Coahuila

Coahuila

[kaw-ah-wee-lah]
Coahuila, state (1990 pop. 1,972,340), 58,067 sq mi (150,394 sq km), N Mexico, on the northward bulge of the Rio Grande, S of Texas. Saltillo is the capital. In the eastern part of the state, where peaks of the Sierra Madre Oriental rise, are quantities of silver, copper, lead, iron, and zinc. Coahuila is an important coal-producing state and a leading national producer of iron and steel. Lumbering is important, and northeast of the mountains, in the drainage area of the Rio Grande, there is considerable cattle raising. Across W Coahuila and E Chihuahua lie vast and arid plains (some of them recently irrigated), which are broken by barren mountains; most notable of these plains is the Bolsón de Mapimí, extending into Chihuahua. South of the Bolsón is a fertile lake region, center of a vast inland basin, which absorbs rivers with no outlet to the sea. A considerable portion of the Laguna District lies in this area. Torreón is the chief metropolis. Coahuila produces cotton, corn, and grapes; the state is noted for its wines. Exploration of the territory began in the 16th cent. but was hampered by Native American hostility. After playing some part in the war against Spain, Coahuila was combined (1830) with Texas, a proceeding that caused dissatisfaction among the U.S. minority and contributed to the Texas Revolution (1835-36). During the Mexican War, Saltillo was of strategic importance, and the battle of Buena Vista was fought nearby. Joined with Nuevo León by the constitution of 1857, Coahuila regained its separate status in 1868. The revolutionary leaders Francisco I. Madero and Venustiano Carranza were born in the state.

State (pop., 2000: 2,298,070), northeastern Mexico. It covers 57,908 sq mi (149,982 sq km), and its capital is Saltillo. Coahuila occupies a roughly broken plateau intersected by several mountain ranges. The first Spanish settlement in the region was at Saltillo in 1575. Coahuila and Texas formed a single state (1824–36) until Texas declared its independence. In 1857 Coahuila was combined with Nuevo León, and in 1868 it became a separate state. Its economy is based on livestock raising, agriculture, and mining; southern Coahuila has long been known for the wine and brandy it produces.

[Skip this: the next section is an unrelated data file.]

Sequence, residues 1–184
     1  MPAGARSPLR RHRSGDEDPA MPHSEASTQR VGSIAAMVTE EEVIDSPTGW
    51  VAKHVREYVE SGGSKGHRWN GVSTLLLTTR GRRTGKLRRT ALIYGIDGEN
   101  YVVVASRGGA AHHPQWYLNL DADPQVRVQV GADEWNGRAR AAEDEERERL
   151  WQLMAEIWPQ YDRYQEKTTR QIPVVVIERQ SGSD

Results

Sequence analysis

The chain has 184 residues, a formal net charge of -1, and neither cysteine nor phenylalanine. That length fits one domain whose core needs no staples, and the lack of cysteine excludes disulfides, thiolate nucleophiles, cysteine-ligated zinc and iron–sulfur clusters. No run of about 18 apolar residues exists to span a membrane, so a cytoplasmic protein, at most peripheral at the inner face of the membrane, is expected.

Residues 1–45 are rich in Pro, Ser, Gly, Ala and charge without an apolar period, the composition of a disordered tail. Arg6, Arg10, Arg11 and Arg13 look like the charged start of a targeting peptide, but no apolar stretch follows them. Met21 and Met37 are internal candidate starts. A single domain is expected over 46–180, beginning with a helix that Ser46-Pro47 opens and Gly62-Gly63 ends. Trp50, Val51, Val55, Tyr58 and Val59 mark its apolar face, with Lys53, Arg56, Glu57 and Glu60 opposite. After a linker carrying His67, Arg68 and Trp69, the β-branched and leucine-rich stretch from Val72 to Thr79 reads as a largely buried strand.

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Coahuila, formally Coahuila de Zaragoza is one of Mexico's 31 component states. It is located in the north of the country.

To the north, Coahuila accounts for a stretch of the U.S. - Mexico border, adjacent to the U.S. state of Texas along the course of the Rio Grande (Río Bravo del Norte). Coahuila also borders the Mexican states of Nuevo León to the east, Zacatecas and San Luis Potosi to the south, and Durango and Chihuahua to the west. With an area of , it is the nation's third-largest state. It comprises 38 municipalities (municipios). In 2005, Coahuila's population was 2,495,200 inhabitants. Coahuila's population is comprised mainly of people of European ancestry, making up 74 per cent of the population. The second-largest ethnic group is the Mestizo (European-Amerindian) who are 20 per cent of the population, and the smallest ethnic group is the Amerindian, comprising 1 per cent of Coahuila's population. The rest of the population is composed of American, Canadian, and Japanese communities.

The capital of Coahuila and its largest city is Saltillo. Coahuila also includes the cities of Torreón (the largest metropolitan area of the state but part of this metro area is in the neighboring state of Durango), Monclova (a former state capital), Piedras Negras, and Ciudad Acuña.

Geography

The Sierra Madre Oriental runs northwest to southeast through the state, and the higher elevations are home to the Sierra Madre Oriental pine-oak forests.